The question of whether to get a fixed rate or a variable rate loan is always a vexing question. Should I fix or not? Should I get a fixed rate for three years or five years? Maybe 10 years? These are questions that are always asked when buying property whether you're an owner-occupier or an investor. More recently, 30-year mortgages have come on to the market. The reasons for this are clear; a 30 year mortgage affords the buyer lower monthly repayment terms. Moreover, fixed rate home loans offer the borrower certainty as to the size of repayments.
The most commonly used fixed rate loans are three year and five year. This has been the case for many years. These terms are generally used because interest rate movements can be predicted with more certainty over a short term than a longer term. They are in fact sometimes cheaper then standard variable loans. You will therefore find longer term fixed rate loans are relatively more expensive than their shorter term counterpart. The point to consider is that interest rates are more predictable in the short term than in the longer term.
Longer term loans will be priced according to both the popularity of the product and market predictions for long term interest rates. They may be higher, for example, than five year loans. Thirty year fixed rate loans will become increasingly popular for the same reasons than five year mortgages have become increasingly popular: they offer a lower monthly repayment loan for cash-strapped borrowers. In addition, investors who may be happy to literally, put the keys away in the bottom draw and own investment property for the very long term, will find the 30 year fixed rate loan attractive.
Thirty year fixed rate loans offer a fixed repayment rate for the term of the loan. It is likely that investors with very long term horizons will find them attractive even though they may have a higher interest rate applying. Investors usually have investment horizons well beyond five years - often 25 to 30 years - as a means of growing their capital. This may also be the case for owner occupiers who don't want to sell.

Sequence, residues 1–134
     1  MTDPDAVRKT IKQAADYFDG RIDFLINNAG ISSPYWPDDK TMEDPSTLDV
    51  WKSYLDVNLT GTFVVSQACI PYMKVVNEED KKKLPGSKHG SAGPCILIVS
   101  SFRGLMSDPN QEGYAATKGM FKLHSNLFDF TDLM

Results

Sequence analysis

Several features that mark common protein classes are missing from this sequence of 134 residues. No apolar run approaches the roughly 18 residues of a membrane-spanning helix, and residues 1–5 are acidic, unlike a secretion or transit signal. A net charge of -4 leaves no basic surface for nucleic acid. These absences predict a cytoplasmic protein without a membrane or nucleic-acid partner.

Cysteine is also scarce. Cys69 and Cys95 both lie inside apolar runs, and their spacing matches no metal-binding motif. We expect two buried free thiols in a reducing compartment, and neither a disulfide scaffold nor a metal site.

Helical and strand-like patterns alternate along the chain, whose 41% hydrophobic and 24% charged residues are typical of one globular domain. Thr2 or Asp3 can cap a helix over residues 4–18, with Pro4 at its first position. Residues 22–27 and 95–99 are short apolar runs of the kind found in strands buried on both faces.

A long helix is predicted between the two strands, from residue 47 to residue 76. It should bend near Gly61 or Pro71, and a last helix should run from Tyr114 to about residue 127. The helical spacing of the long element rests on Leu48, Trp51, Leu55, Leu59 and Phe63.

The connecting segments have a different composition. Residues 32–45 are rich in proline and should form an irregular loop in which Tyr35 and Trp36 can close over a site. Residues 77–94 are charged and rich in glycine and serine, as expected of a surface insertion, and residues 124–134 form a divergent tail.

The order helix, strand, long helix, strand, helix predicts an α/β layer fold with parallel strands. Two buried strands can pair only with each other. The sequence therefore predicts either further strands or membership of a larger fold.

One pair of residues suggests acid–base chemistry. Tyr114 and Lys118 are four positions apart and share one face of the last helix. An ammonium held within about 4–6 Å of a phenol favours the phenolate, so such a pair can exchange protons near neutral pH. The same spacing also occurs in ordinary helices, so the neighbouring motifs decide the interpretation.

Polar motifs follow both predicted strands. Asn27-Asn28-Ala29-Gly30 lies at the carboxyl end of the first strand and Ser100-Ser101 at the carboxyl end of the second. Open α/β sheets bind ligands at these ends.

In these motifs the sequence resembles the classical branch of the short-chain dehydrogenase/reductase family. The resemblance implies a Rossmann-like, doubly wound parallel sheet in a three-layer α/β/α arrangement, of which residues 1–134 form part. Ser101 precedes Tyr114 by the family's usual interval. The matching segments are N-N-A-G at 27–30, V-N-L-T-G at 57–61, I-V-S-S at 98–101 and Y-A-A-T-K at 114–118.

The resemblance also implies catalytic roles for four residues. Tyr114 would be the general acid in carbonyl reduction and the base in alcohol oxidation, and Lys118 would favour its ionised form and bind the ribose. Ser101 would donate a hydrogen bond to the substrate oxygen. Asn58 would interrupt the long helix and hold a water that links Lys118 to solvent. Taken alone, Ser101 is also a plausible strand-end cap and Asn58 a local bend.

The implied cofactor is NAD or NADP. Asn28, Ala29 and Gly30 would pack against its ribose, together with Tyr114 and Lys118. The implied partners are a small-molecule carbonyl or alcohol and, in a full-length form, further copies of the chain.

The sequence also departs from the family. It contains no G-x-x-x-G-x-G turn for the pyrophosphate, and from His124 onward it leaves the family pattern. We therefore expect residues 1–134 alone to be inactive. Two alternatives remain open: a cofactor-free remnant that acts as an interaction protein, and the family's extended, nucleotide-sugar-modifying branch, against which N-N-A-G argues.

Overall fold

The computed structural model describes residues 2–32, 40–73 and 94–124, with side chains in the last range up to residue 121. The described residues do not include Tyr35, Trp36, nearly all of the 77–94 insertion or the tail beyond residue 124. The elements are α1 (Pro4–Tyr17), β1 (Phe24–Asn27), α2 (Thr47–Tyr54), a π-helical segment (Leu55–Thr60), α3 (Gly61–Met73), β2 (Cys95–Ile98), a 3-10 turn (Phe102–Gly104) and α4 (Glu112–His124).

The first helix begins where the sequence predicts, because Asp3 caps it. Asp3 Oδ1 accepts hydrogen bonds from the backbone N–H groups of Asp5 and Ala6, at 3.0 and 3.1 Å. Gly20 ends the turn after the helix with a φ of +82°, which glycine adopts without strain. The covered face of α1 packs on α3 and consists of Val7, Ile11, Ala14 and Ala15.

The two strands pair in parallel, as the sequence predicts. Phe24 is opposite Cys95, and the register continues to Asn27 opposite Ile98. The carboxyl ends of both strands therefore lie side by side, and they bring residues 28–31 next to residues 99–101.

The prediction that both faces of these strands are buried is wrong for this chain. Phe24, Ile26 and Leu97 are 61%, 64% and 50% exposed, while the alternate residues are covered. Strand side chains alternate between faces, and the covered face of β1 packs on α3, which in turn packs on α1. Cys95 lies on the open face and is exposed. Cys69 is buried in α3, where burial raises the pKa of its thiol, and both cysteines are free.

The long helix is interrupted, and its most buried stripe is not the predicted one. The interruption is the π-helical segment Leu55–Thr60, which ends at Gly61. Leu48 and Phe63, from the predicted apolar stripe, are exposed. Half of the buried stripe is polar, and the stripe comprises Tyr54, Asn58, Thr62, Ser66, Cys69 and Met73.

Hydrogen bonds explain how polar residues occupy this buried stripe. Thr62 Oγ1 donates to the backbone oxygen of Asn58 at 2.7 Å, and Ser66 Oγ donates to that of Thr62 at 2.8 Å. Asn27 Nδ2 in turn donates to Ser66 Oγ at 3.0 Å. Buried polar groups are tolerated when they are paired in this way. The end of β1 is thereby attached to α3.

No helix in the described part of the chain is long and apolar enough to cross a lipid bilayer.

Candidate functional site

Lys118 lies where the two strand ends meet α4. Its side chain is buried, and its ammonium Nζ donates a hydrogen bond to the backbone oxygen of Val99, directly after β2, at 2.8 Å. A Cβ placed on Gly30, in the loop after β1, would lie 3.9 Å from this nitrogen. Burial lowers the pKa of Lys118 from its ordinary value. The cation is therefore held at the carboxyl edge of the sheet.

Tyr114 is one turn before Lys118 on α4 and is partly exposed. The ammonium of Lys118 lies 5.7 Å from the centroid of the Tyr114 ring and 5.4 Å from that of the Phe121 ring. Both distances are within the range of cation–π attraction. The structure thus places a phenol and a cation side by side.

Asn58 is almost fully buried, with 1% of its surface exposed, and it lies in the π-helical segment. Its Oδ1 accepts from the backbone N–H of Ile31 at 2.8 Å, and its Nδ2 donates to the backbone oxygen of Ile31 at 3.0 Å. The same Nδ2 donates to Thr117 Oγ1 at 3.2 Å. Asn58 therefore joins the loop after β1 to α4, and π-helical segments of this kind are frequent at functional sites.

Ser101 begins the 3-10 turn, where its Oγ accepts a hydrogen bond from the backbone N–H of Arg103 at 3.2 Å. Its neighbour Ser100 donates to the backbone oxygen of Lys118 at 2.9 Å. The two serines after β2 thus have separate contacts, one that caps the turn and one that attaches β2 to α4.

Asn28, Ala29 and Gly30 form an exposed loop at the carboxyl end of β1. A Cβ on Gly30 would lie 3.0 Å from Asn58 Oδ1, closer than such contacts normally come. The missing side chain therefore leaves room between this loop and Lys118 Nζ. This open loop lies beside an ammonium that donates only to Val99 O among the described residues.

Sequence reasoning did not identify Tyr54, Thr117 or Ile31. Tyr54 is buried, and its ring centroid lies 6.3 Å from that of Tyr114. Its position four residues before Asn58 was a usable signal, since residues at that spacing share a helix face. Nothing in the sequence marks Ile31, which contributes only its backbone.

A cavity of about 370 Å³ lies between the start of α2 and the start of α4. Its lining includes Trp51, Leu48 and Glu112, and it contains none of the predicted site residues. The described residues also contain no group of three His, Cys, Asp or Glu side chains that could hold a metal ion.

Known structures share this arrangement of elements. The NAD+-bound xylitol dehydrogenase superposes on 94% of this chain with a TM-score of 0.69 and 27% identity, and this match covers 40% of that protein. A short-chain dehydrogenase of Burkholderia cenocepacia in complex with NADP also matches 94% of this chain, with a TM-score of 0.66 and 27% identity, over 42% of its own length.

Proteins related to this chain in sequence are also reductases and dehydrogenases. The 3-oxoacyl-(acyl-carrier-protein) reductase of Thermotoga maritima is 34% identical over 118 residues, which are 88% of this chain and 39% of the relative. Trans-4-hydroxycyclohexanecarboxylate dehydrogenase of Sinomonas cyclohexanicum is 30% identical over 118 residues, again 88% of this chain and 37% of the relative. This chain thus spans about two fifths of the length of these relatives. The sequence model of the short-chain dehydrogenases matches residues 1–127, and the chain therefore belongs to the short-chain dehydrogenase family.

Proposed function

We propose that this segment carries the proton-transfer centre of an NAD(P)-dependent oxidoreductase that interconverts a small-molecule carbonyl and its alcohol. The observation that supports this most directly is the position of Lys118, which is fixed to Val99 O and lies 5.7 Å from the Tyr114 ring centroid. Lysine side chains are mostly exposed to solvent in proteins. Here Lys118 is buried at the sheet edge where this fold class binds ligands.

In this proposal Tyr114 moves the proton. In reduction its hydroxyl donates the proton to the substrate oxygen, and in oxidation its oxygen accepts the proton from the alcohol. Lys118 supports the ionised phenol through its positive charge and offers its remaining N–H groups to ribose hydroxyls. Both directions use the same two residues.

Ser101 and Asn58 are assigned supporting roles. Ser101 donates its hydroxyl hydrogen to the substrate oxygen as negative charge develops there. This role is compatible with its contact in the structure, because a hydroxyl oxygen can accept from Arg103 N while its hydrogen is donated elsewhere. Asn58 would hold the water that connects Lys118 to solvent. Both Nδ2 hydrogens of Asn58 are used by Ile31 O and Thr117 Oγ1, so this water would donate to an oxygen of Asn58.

The appeal to investors is compelling, for over time the value of the property can be expected to appreciate at least at the rate of inflation and more while the amount of the loan is fixed. That way at the end of the thirty year term the potential capital appreciation is significant. For the owner occupier the advantages are compelling too. The main disadvantage being that should rates decline for a significant amount of time and stay there then there is an effective opportunity cost in sitting on a thirty year fixed rate loan.
As with all mortgages, the terms and conditional should be such that a borrower can, in some circumstances make decisions to switch to a different loan, perhaps with a shorter term; or in the event of needing to sell the property, clear the mortgage without any significant costs.